Earthquake: What To Do When Even a Small One Hits
The Yureru Nihon Retto (lit: “Quaking Japanese Islands”) website published by Earth Quake Research, an organization that amasses data on earthquakes in Japan, recorded at least 6,000 tremors across the archipelago last year. The majority of those ranged in magnitudes from 2 to 5. The association even breaks down which prefectures had the most quakes: Ibaraki Prefecture is No. 1 so far this year with 66 recorded tremors and Kumamoto Prefecture in a close second after its major 2016 earthquakes with 51 since January.
I don’t know about you, but I come from a place without earthquakes. So when I experienced my first earthquake in Japan (at 6:30 a.m.), I had no idea what to do. Stand under the doorframe? Go outside? Hide under the table?
Before we get to what you should do during an actual quake, let’s get prepared before one even hits.
- Secure taller furniture if possible so that it won’t fall over.
- Pack an emergency rucksack with canned food, water, matches, lighter, medicine, valuables (passport, residence card, bank book, wallet, etc), flashlights, portable radio, windup cellphone charger and lightweight clothes. Aim for 3 kg as a maximum weight.
- Talk with friends and family about what to do during a quake: the safest place in the house, your area’s designated evacuation spot; where to keep emergency backpacks, how to contact family and friends after the quake, etc.
- Inform your local embassy where you are in Japan (or sign up on its website). In case of a natural disaster, your government may provide support to those affected.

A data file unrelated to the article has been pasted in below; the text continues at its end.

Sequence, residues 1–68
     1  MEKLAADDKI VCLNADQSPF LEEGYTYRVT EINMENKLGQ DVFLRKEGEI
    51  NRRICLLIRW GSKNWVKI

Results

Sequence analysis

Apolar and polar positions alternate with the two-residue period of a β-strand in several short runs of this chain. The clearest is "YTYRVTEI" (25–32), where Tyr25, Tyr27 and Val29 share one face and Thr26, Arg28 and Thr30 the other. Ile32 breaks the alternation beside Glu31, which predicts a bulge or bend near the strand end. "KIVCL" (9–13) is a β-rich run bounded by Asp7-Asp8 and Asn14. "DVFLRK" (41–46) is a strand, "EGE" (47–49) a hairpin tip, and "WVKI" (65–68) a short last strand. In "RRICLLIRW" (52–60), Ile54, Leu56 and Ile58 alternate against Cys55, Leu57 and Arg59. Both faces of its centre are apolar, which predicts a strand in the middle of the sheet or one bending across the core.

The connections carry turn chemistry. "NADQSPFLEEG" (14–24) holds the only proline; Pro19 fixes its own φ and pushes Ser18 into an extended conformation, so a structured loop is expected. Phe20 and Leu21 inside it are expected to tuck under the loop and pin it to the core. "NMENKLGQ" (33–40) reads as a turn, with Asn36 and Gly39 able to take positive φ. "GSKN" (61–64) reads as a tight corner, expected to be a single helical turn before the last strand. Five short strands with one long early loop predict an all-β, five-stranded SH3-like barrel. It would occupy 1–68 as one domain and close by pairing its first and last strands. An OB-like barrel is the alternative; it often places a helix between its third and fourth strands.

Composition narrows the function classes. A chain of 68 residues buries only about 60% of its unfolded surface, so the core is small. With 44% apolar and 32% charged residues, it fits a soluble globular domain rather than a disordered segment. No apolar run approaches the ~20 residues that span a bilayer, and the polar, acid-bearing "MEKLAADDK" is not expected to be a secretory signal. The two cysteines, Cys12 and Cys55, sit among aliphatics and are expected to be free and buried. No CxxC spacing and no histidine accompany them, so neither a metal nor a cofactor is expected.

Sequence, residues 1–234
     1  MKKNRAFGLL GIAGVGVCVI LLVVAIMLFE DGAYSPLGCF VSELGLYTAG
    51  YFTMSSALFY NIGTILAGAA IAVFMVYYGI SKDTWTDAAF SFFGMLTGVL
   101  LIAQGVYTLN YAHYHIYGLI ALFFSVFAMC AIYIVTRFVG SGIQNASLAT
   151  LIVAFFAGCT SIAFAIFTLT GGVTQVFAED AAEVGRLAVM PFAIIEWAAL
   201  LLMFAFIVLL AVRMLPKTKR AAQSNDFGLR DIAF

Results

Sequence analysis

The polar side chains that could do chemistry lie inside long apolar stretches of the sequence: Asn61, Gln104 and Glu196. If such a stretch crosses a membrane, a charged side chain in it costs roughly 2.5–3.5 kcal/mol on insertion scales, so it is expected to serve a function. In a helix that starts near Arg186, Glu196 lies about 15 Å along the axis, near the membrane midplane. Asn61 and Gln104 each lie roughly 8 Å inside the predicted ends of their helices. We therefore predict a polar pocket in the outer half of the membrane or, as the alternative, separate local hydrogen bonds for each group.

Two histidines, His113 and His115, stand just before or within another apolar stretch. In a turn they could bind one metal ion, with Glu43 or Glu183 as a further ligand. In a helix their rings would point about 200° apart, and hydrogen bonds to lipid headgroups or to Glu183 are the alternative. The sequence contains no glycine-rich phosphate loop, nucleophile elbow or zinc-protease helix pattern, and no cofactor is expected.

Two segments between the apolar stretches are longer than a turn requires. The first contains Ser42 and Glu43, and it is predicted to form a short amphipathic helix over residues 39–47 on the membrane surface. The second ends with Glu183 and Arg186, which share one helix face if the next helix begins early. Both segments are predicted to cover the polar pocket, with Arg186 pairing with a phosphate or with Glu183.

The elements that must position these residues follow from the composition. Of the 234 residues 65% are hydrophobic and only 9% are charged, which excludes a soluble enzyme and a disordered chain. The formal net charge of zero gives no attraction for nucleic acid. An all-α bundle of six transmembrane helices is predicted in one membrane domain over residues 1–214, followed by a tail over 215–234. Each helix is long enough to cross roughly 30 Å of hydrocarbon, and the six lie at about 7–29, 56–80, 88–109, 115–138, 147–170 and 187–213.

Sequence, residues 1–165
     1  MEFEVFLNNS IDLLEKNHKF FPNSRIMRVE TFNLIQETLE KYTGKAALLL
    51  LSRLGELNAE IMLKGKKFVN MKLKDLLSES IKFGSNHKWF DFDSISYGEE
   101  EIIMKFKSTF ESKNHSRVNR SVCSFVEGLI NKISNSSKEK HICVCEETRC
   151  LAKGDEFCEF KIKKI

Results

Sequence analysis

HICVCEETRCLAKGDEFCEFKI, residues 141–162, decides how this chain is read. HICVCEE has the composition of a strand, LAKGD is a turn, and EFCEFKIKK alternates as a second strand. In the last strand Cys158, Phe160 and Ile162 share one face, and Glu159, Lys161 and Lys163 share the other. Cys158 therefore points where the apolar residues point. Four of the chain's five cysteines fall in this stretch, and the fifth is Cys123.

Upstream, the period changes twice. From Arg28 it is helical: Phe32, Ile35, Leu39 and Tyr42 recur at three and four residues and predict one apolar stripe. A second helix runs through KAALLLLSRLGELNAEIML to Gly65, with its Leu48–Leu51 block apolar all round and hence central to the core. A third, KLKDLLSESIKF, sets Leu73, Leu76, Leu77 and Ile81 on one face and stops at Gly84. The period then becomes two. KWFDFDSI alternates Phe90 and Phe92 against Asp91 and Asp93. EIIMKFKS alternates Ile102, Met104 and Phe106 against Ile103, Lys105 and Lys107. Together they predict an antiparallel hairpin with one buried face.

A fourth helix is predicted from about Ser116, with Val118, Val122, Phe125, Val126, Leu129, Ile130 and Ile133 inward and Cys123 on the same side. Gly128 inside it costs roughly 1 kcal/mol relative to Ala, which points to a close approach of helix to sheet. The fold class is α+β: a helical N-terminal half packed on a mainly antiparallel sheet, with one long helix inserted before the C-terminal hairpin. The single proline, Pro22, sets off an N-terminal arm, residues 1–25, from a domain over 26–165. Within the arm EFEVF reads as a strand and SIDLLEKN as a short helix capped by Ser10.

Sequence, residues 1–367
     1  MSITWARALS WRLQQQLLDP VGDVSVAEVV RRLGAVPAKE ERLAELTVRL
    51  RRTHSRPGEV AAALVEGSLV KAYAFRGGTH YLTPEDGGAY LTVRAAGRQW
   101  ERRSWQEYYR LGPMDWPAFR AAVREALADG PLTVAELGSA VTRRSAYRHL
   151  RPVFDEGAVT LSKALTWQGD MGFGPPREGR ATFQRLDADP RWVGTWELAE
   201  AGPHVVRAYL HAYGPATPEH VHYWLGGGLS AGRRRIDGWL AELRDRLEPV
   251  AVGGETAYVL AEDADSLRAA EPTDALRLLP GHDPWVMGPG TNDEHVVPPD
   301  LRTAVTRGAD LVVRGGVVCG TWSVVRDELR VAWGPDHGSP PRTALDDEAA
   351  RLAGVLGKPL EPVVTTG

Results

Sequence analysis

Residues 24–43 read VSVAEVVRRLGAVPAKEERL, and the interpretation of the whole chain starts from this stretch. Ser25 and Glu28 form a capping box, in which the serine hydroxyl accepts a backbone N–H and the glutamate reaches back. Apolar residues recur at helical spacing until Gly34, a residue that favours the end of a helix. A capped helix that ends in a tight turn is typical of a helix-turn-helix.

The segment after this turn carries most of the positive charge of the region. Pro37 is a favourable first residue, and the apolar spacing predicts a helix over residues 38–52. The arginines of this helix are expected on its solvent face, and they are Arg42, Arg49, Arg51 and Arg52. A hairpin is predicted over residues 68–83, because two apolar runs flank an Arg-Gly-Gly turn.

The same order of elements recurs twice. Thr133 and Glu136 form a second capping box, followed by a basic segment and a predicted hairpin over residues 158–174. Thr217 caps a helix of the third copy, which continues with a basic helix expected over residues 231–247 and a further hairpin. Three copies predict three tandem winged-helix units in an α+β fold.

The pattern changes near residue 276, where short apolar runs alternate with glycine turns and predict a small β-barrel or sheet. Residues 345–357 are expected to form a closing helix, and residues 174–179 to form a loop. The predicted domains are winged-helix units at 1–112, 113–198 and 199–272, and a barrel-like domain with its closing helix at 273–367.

Now that we know how to prepare for an earthquake (or other disaster), here’s a guide to help you figure out exactly what to do during one.
- Hide under a table or door frame.
- Avoid windows, as they can break during the tremor.
- Don’t rush outside in case of falling objects.
- Check for any flames before exiting the building safely after the tremor.
- Be careful of falling objects like signs or broken glass.
- Stay clear of vending machines or other things that could topple over.
- If you’re using public transportation, follow staff instructions.
- If you’re driving a car, pull it off to the side of the road and proceed to designated evacuation routes on foot.
After the Quake
- Access to the internet or TV may be limited, so use the radio to gather information
- Before you evacuate your building, turn off your main gas valve and breaker to reduce the risk of fire
- If your building is at risk of collapse or there is a tsunami warning, evacuate to your district’s nearest evacuation site
How to Stay Connected after an Earthquake
Something everyone in Japan should use after an earthquake is NTT’s Disaster Emergency Message Dial (171) service. It’s only available during emergencies, but it was most recently used during last year’s Kumamoto earthquakes. To use it, dial 171 and follow the instructions to either leave a message or listen to a message.
If you have any questions about what to do when an earthquake hits, take a trip to your city office to ask! I left my local office the other day with a handful of papers and a little more confidence that I can effectively survive an earthquake.